Blake Lively's Hair is Slightly Darker, and That, My Friends, Qualifies as Beauty News

It looks like she needs to take Russia's new safe-selfie advice, though.
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It looks like she needs to take Russia's new safe-selfie advice, though.

I feel like I'm starting an increasing number of beauty news roundup with confessions that reveal my superannuated way of being. Like, just a couple weeks ago, I admitted I don't watch Orange is the New Black, and today, I'm telling you this: I've never seen a damn thing Blake Lively has ever been in. I just went through her whole IMDB page—nothing. 

Her half-sister Robyn? Now we're talking. She was Teen Witch! Top that!

Robyn Lively was the reason I wanted to have auburn hair growing up, but Blake is apparently very closely associated with her blondeness, because the internet reacted like a malfunctioning firework when our first news blurb hit.

Blake Lively is no longer blonde! But she's not brunette! She's... bronde?

Blake Lively (I accidentally typed "Lovely" at first, and let's be real—that's accurate) posted a couple photos on Instagram from an incredibly beautiful location that only incredibly beautiful people are given access to probably, but what everyone noticed before the scenery was her new darker hair color. Don't worry, guys, she thinks it's crazy, too. (lol?)

This will surely spark a stampede of blondes bounding to the salon to get brondified (it's already a fake word—let's just pile it on), and Keratin Complex’s Abraham Sprinkle, who has the best name in the world and you can't tell me otherwise, gives the following advice on doing so: “When going from a light shade to dark usually a filling process is involved due to securing a underlying pigment. This prevents fading. In Blake’s case, going to a brown-blonde fusion, I would skip this step as the blonde peeking through is what is giving the hair its overall character. If I were to replicate, I would go a level deeper and warmer than my target shade. Then go back and precisely place a bit of lightener with a low volume developer to ship tone and cause the irregularities throughout that makes bronde such a unique look.”

Beauty blogger Em Ford's powerful "You Look Disgusting" video resonated with hundreds of thousands of viewers.

Last year, Buzzfeed made a video about what it's like to be a woman with an internet presence. As someone whose job is basically "woman who writes words on other people's computer screens," it meant a lot to me to hear about similar, albeit awful, experiences. My friends Sara and Gaby are both in the video, and their internet presences blow mine out of the water, so I can only imagine how much more crap they get than I do.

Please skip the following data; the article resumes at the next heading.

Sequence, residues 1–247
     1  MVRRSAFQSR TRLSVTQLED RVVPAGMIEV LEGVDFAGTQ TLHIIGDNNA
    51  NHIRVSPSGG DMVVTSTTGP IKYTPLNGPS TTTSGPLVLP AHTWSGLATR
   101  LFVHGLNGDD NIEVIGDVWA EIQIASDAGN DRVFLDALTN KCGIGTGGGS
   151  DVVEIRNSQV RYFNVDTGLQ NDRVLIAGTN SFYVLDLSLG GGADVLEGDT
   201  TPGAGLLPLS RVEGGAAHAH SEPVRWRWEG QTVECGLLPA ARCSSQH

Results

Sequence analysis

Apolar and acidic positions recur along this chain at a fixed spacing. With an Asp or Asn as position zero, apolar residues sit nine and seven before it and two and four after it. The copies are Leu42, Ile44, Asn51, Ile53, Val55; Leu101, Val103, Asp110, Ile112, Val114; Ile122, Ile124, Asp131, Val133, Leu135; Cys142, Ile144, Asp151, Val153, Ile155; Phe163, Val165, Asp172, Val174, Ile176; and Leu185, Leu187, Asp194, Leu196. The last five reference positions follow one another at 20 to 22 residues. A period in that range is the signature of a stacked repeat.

But when you voluntarily include your appearance in the mix of your online presence, like a beauty blogger does, there's a whole new stinky layer of the "woman on the internet" onion to contend with. And that's why Em Ford's "You Look Disgusting" video, in which she shares comments she's received on social media when she does and doesn't have makeup on, is such an important clip to watch.

The response has been remarkable, prompting women to use the #YouLookDisgusting hashtag to share, commiserate and support.

Benefit got some major backlash over fat-shaming tweets. 

You know how sometimes there's a hashtag trending on Twitter that'll encourage people to tweet their own funny response, but sometimes those hashtags are not very nice? Well, someone on Benefit's UK social media team didn't see the fat-shaming, customer-insulting harm in the hashtag #MakeAMovieAFatty and played right along—twice—with lists of not-so-body-positive puns. 

*awkward collar pull*

*awkward collar pull*

Followers immediately started calling out the unfunniness; however, at first, the account replied not with an apology, but with, "Hey Benebabes, we're only having a little fun getting involved in the trends as we always try to do."

I'm thinking these tweets can be chalked up to one person's poor judgement and not, like, a staff meeting where Benefit made a corporate decision to be insensitive, because moments later, the tweets were deleted and the apologies started pouring forth from the UK and US accounts, both to all followers and to individuals who complained directly to them.

Russia doesn't want you to die while taking selfies. Thanks, Russia!

There has been a rise in fatal selfies in Russia (yes, you read that right—fatal selfies), so this week, the Russian Interior Ministry launched an infographic guide to help its citizens not die while taking pictures of themselves. And you can benefit from this advice, too!

This is real.

This is real.

The suggestions include not selfie-ing on train tracks, with a gun, from heights, and with wild animals. You will look just as hot—and 17 times as smart—on solid ground next to a regular ol' cat. 

  • What's the riskiest selfie you've ever taken? 
  • Did Benefit's tweets bother you? 
  • Are you totally gonna go bronde now?